Allied Esports is selling the World Poker Tour and seeking to divest itself of esports, its other primary business arm, the company announced this morning. If both deals are successful, Allied will essentially become a special purpose acquisition company—a shell entity looking for a business to purchase.
The World Poker Tour buyer is a recently formed entity named Element Partners LLC. Element is paying as much as $78.25 million for the World Poker Tour: $68.25 million upon close of the transaction, plus 5% of licensing and tournament entry fees up to another $10 million, payable over the next three years.
With the transaction, Allied Esports said its board of directors have decided to explore strategic options for the esports business, including a possible sale. The company’s esports business consists primarily of a series of gaming venues, including a 30,000 square foot arena at the Luxor Hotel & Casino in Las Vegas. The company also owns a few semi trucks that can be converted into mobile arenas.
Allied has retained Lake Street Capital Markets to explore possible options for that arm. Lake Street is an investment bank that handled a convertible note last year for Allied and also placed convertible stock for TheMaven, publisher of Sports Illustrated, among other deals. The business is committed to its esports division if no suitable offers are found, according to Allied.
“Today’s announcement regarding the sale of World Poker Tour does not alter the strategy or business operations of Allied Esports,” CEO Jud Hannigan said in a statement. “We are confident in the plan we have in place and the team responsible for executing it. Despite the pandemic, we have continued to grow with new partners and productions, and we enthusiastically look forward to the return of unconstrained live events and the excitement that comes with having our full community together again.”
If Allied sells both business arms, it will change its name and use the money from the sales “to explore opportunities in online entertainment, including but not limited to, real money gaming and other gaming sectors,” the company said in a release. In all but name, Allied will become a SPAC, a cash-rich publicly traded entity seeking to bring another business public. It would complete a full-circle for the publicly traded entity, which began its life as a blank-check named Black Ridge. The Black Ridge SPAC bought both the poker tour and the esports businesses in August 2019 in deals valued at $118 million.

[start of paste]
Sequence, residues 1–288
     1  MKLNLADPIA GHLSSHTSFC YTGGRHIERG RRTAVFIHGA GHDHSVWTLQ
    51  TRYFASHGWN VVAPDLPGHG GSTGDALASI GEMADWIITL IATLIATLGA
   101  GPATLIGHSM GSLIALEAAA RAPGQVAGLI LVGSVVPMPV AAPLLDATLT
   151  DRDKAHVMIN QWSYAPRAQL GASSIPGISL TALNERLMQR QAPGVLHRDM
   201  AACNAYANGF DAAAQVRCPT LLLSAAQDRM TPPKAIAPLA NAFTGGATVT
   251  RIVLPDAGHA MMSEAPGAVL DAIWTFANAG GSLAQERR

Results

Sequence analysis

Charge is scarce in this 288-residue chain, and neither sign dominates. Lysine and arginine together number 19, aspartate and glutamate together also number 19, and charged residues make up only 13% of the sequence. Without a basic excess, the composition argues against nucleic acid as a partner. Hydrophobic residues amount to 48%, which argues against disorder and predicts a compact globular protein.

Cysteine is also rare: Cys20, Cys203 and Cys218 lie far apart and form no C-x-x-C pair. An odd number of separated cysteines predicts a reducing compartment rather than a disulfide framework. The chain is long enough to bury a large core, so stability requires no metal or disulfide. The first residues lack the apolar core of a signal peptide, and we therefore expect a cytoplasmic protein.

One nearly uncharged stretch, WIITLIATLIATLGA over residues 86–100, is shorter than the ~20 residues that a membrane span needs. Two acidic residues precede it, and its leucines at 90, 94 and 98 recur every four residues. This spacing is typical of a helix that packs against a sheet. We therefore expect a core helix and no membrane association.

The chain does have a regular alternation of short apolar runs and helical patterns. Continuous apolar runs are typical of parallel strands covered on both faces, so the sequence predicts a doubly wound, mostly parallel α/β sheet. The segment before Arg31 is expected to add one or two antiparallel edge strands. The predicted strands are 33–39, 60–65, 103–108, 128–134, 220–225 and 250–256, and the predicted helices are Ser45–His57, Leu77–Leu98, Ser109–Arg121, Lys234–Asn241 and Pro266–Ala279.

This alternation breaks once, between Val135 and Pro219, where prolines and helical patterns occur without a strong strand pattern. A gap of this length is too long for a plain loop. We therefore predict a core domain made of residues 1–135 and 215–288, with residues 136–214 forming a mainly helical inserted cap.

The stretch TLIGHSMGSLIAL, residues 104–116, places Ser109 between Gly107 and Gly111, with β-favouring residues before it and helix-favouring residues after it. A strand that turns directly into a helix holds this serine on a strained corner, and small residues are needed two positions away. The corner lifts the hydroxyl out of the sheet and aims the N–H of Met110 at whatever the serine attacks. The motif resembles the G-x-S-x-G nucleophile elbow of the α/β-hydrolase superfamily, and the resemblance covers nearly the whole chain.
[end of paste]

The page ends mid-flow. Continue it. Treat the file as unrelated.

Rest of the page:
The unusual nature of a SPAC-formed business returning to SPAC-like status possibly reflects the lack of value the stock market is providing to the poker and esports business. Market reaction to the creation of Allied Esports and Entertainment was poor. That likely was in part due to the fact that the Black Ridge SPAC’s stated purpose was to find a business in the oil and gas industry, according to its 2017 prospectus. The entity had 21 months to find a business combination or it would have to return the IPO capital to shareholders, a regulatory requirement of SPACs, which have the freedom to pursue any deal management see fits. The deal to create Allied came just before the return-of-capital deadline and shares fell consistently afterwards. Allied shares churned to an all-time low of 92 cents in November and closed Friday’s trading at $1.58.
Prior to the deal’s announcement, Allied Esports and Entertainment had a market capitalization of $55 million, 35% less than Element Partners’ maximum purchase price for the business. The World Poker Tour saw in-home viewership rise 368% in 2020 over 2019. The total Allied business generated sales of $26.1 million for the year ended 2019, a probably $22.7 million in 2020, according to consensus Wall Street figures compiled by Reuters.
Allied Esports shares leapt with this morning’s news to $1.85 a share, providing the company a market cap of $65 million, equal to the cash Element will deliver immediately to the business upon approval of the sale, expected within the next month. The Element Partners LLC purchasing the WPT is not the investment fund located in Wayne, Pa., according to a spokeswoman for that firm. An entity with that same name was registered in Delaware on December 1, 2020.